Drinking water an LTP priority
Council’s top priority of providing the community with safe drinking water is strongly reflected in this year’s draft Long Term Plan.
The draft LTP will be considered by councillors at this week’s Hastings District Council meeting.
Hastings Mayor Sandra Hazlehurst says Council has prepared a bold, robust, resilient, draft Long Term Plan for the future of the Hastings District and its people.
”The draft LTP sets out the Council’s main priority for sustainable safe drinking water across the Hastings District, to meet community expectations and new national standards for drinking water. It reflects our learnings from the Government Inquiry into the Havelock North water contamination event.”
The draft LTP allows for new capital investment of $38 million for drinking water infrastructure, and recommends a targeted rate is paid by owners of properties connected to Council’s drinking water supplies.
Major drinking water infrastructure projects include UV and chlorination treatment on all of Council’s 10 supplies, investigating new water sources, and a major pipeline between Hastings and Havelock North. This will mean the remaining Brookvale bore will close once these works are complete. All of the elements in Council’s Water Safety Plan are designed to build resilience, additional capacity and flexibility into the water supply network.
Other major projects set out in the LTP include the strengthening of the district’s bridges in line with the government’s new regulatory provisions for heavier trucks, continuing the Opera House strengthening project in the city’s arts and cultural precinct, investing in the central city vibrancy plan and for more fun activities to be added to parks and reserves.
Other priorities identified in the draft Long Term Plan provide for a range of housing options for urban growth while protecting the Hastings district’s productive plains.
Mrs Hazlehurst says: “Work on upgrading the drinking water systems is imperative. The funds that we have allowed for in the early years of the Long Term Plan will ensure that our people can be sure that they have access to safe drinking water.”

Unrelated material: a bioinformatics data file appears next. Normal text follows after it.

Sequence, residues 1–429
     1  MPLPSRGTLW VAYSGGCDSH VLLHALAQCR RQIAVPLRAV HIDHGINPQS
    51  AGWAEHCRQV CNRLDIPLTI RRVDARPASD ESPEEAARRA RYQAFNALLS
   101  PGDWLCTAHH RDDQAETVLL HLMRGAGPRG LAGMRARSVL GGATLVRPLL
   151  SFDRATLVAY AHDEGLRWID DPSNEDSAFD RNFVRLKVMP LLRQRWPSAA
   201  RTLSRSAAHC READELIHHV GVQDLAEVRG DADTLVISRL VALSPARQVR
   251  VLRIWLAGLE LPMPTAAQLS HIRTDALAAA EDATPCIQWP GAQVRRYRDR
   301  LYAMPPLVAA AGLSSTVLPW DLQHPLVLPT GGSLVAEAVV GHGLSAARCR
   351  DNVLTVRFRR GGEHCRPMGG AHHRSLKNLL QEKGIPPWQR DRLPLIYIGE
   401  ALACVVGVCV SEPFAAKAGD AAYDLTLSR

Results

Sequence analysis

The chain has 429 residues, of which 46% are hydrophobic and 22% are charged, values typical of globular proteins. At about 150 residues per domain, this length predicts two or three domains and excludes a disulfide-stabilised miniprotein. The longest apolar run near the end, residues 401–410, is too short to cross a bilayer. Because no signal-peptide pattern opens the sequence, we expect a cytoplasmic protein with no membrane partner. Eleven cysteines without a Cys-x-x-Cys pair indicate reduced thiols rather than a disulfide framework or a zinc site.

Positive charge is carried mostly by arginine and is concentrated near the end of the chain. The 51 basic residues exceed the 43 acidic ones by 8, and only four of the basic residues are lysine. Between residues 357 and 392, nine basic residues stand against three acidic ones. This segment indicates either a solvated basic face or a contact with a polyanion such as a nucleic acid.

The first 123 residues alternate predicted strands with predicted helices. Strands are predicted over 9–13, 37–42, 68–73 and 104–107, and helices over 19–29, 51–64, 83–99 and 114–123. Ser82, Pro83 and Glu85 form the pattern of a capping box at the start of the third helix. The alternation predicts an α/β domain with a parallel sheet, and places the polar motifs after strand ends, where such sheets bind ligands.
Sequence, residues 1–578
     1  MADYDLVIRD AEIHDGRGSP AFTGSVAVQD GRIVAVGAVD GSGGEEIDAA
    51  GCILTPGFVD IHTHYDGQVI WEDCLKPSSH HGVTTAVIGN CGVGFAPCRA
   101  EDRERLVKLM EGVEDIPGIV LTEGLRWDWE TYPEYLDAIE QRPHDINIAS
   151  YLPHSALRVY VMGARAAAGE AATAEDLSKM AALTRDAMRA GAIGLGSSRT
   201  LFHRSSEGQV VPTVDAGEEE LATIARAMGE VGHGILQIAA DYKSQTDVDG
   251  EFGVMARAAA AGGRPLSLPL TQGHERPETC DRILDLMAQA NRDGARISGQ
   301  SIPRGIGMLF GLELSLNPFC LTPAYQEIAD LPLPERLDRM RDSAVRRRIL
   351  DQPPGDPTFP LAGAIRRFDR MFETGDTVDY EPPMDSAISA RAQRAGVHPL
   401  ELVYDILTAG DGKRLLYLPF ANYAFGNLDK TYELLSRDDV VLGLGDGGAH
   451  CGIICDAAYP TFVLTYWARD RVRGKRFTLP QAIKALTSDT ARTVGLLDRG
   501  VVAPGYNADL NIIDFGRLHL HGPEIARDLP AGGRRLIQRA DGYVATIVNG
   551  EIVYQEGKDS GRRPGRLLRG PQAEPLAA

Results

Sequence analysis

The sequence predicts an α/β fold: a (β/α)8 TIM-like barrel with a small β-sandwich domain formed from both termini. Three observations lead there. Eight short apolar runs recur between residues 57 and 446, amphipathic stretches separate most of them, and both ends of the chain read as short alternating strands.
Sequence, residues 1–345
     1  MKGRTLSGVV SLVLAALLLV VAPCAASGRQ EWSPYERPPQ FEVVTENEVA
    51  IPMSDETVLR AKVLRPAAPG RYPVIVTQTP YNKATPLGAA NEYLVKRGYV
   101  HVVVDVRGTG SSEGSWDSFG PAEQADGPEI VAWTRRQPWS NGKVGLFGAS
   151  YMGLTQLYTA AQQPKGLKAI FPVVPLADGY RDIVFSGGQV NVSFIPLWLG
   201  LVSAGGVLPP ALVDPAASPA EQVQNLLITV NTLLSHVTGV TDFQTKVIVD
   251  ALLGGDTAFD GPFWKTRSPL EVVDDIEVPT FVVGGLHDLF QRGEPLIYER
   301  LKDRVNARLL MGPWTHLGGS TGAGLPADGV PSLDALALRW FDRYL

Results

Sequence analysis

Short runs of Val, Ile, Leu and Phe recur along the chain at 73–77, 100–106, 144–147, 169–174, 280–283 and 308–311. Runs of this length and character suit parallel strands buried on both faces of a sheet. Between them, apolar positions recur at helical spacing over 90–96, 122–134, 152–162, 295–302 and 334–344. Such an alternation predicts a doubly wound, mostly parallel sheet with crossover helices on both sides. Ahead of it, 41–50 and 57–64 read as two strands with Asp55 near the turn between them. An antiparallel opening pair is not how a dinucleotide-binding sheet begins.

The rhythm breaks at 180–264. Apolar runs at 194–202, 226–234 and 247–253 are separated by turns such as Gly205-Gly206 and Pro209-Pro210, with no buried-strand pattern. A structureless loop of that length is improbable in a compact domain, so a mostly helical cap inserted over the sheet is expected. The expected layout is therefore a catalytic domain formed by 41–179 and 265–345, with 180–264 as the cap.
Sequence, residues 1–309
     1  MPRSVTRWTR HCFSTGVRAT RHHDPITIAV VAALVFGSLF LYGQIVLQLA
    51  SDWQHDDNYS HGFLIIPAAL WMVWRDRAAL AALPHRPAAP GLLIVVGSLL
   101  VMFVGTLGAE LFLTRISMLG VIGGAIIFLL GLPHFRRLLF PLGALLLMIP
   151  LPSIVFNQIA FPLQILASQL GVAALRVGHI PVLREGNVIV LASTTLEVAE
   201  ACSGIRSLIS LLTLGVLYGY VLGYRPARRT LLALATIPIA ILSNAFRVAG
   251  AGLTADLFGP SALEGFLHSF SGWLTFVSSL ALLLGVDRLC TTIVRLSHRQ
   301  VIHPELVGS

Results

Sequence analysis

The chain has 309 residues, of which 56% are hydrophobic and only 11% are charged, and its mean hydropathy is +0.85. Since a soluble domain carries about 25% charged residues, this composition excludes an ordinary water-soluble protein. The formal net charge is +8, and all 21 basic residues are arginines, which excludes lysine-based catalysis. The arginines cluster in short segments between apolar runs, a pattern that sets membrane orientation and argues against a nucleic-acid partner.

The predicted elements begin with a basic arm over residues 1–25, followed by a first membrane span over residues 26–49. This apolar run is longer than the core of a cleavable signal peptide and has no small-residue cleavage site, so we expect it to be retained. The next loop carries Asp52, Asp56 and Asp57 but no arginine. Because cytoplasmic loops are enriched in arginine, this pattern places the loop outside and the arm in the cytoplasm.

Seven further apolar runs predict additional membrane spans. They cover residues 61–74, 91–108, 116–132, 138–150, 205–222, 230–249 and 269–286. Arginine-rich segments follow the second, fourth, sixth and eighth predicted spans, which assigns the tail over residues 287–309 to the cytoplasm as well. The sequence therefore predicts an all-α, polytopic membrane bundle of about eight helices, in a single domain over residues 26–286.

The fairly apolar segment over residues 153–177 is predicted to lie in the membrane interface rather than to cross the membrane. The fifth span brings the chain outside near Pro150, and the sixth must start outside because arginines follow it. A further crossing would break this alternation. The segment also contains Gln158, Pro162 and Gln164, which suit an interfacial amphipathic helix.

Good progress has already been made to strengthen the water supply, including putting full treatment on the remaining Brookvale bore, putting new mains through Hastings and in Havelock North, starting on the project to put in a second main to carry water from Hastings to Havelock North, and the installation of treatment on all bore sites.
The intention of the plan is to provide a high level of service across the 40 local government services provided by Council. “However, our challenge is funding our goals and obligations while at the same time keeping our rates affordable. It is our Council’s commitment to keep our rates rises at around three per cent, excluding the special targeted rate increases for water,” said Mrs Hazlehurst.
The average general rate increase for Hastings ratepayers will remain under three per cent again this year, in line with Council’s stated objective.
The proposed increases in the targeted water rate are $100 per household a year for two years, and $50 in the third year.
Mrs Hazlehurst is calling for people to provide feedback on the plan. “We would love you to have your say on our draft Long Term Plan. Community involvement through the submission process helps us to make plans that benefit the wellbeing of the whole community.”
The council urges residents to consult on the draft Long Term Plan when it is published for consultation on April 7. Submissions can be lodged until May 11.